Getting on a train without a prior reservation
Even if you haven't made a reservation on a train ages in advance, you might be able to just buy a ticket and hop on the train. This is only possible if there are vacant seats or berths on the train for your journey sector. If you are travelling in an unreserved coach, you do not need to make a prior reservation (hence the term, "unreserved coach"). However, on most important trains, unreserved coaches are likely to be crowded enough to make this option less than desirable.
It is a common misconception that you can just jump on the train and buy a ticket from the ticket examiner. As per Indian Railway rules, this is an offence, and if the Travelling Ticket Examiner (TTE) finds you on the train without any ticket, you will be treated as a ticketless traveller and will have to pay the fare for your journey plus a penalty of INR 250. Working on the fairly rational assumption that not too many people would want to pay this fine, I now tell you how you can get on a train without an earlier reservation and not pay any fine (no, this does not involve hiding in the toilets!).
You start by finding out whether seats or berths are available on your train in the first place. You can check on the current booking availability page of the Indianrail website by entering the name of your originating station. The page lists the number of vacant seats or berths available on trains starting at - or passing through - that station in the next four hours. If all the "class" columns for your train display 0 or NE, then the train is full. If any of the "class" columns for your train display a number, those many seats or berths are available in that class. If your train is not listed at all despite being in the next four hours, do an availability search for the train for your journey sector. If you aren't in a position to check this online, you can try calling the railway enquiry number 139.
If seats are available, there are two ways by which you can hop on the train.
Buying a 'Current Reservation' ticket
As of 12 November 2015, it is possible to book tickets online after the train's reservation chart has been prepared, up to 30 minutes before the train leaves its origin station (or important enroute stations). For this, you follow exactly the same procedure you would to book a train ticket online on IRCTC, except that if seats are available, it will display "CURR_AVBL <number of seats available>" instead of "AVAILABLE <number of seats available>". Not a massive change. However, keep in mind that these tickets are nonrefundable (though it would be rather weird if you decided to book a ticket an hour before your train departed and immediately decide to cancel it).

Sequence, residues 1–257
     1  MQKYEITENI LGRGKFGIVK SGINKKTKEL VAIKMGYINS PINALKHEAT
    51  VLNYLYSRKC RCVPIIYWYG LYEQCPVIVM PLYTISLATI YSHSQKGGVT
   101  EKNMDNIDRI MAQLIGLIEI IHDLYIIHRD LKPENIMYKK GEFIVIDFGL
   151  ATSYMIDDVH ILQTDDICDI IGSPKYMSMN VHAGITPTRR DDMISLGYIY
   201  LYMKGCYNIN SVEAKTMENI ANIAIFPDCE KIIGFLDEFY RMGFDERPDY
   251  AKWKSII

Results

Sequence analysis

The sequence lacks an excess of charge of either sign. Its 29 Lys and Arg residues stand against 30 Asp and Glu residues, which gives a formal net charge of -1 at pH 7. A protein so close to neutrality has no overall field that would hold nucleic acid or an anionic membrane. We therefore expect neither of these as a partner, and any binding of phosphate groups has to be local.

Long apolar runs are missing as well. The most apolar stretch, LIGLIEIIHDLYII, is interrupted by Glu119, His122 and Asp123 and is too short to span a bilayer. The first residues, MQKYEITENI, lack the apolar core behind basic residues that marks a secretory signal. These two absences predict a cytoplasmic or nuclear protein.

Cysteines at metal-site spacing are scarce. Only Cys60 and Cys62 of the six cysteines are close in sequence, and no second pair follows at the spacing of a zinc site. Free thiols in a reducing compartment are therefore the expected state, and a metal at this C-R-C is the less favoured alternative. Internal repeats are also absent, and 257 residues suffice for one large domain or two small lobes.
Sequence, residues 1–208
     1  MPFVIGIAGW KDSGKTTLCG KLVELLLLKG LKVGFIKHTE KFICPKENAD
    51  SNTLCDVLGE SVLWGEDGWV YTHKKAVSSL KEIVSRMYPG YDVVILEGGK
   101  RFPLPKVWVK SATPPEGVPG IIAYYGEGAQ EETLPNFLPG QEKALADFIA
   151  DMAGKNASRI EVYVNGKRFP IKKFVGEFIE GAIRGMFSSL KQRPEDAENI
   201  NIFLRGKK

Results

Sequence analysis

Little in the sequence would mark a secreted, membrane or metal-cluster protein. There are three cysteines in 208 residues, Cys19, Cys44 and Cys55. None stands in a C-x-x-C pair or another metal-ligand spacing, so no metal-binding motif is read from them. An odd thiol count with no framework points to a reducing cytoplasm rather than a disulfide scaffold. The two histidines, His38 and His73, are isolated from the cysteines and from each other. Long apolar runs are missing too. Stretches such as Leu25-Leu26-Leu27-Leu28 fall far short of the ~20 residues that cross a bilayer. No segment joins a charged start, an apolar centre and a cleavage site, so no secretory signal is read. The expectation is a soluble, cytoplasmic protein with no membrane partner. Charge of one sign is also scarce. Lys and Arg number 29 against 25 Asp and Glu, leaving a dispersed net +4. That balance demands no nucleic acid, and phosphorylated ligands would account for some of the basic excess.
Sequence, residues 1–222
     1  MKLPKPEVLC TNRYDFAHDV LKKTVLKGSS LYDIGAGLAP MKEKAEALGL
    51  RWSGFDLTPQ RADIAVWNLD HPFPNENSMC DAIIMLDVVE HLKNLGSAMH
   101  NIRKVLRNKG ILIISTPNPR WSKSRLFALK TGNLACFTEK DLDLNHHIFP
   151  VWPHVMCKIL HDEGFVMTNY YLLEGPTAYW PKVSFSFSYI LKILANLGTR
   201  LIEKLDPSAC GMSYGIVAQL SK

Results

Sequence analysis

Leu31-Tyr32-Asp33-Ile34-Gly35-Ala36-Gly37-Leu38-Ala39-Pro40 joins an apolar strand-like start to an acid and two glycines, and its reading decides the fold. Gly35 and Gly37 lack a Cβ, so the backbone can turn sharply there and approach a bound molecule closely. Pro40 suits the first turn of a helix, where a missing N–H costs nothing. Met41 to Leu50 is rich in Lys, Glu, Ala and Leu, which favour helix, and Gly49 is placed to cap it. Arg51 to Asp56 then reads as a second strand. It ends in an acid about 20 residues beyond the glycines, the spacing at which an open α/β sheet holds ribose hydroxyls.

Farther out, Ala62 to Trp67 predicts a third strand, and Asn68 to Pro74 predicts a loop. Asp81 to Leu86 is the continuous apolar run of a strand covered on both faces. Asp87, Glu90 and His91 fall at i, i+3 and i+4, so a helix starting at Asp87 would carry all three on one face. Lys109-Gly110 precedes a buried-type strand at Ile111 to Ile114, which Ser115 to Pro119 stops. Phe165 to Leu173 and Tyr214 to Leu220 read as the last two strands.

If you can't book your current ticket online, most large stations have a current booking counter for booking tickets after train chart preparation. Once you reach the station, ask any official whether a current booking counter exists in the station. If one does, you can walk up to the counter, fill in the reservation form, and get a reserved ticket that mentions your coach and seat/berth numbers. This is a fairly simple procedure and saves you the trouble of running behind the TTE on the train.
A current booking ticket will look just like a regular PRS ticket, except that it will state "Journey cum Reservation Ticket after Charting".
You can only use this method if the station you're boarding at is large enough to have a current booking counter, and is either an important halt (a "remote location" in railway parlance) or the originating station of the train.
Buying an unreserved ticket and upgrading it on the train
If, for whatever reason, you do not have the option of buying your ticket online or visiting a current booking counter, you need to first buy an unreserved ticket at your boarding station. With the exception of very tiny halt stations in the middle of nowhere, you should be able to buy unreserved tickets at any station. Ask for the unreserved ticket counters. When buying an unreserved ticket, you need to mention the type of train you're taking - the options being Passenger trains, ordinary Mail/Express trains and "Superfast" trains. If you're not sure of the category under which your train falls, just tell the clerk which train you plan to take and s/he will issue you the correct ticket. If you are taking a Shatabdi, Rajdhani or Duronto Express train, you need to ask for a First Class unreserved ticket. For any other train, a normal Second Class unreserved ticket will suffice.
An unreserved ticket will look something like this:
After buying the ticket, and once the train arrives, meet the Travelling Ticket Examiner (TTE). TTEs are generally recognisable by their dark coats and the reservation chart that they carry with them. Speak to him informing him of your wish to travel by the class of your choice and show him your unreserved ticket. He will direct you to a particular coach and seat/berth (or to another TTE). You will then be issued an Excess Fare Ticket (EFT) for the difference in fares of the unreserved ticket and the actual class you finally travel by. An EFT should look like this:
If all goes well, you should find yourself on the train of your choice without having to pay any penalty.
Last updated on 14 February 2014.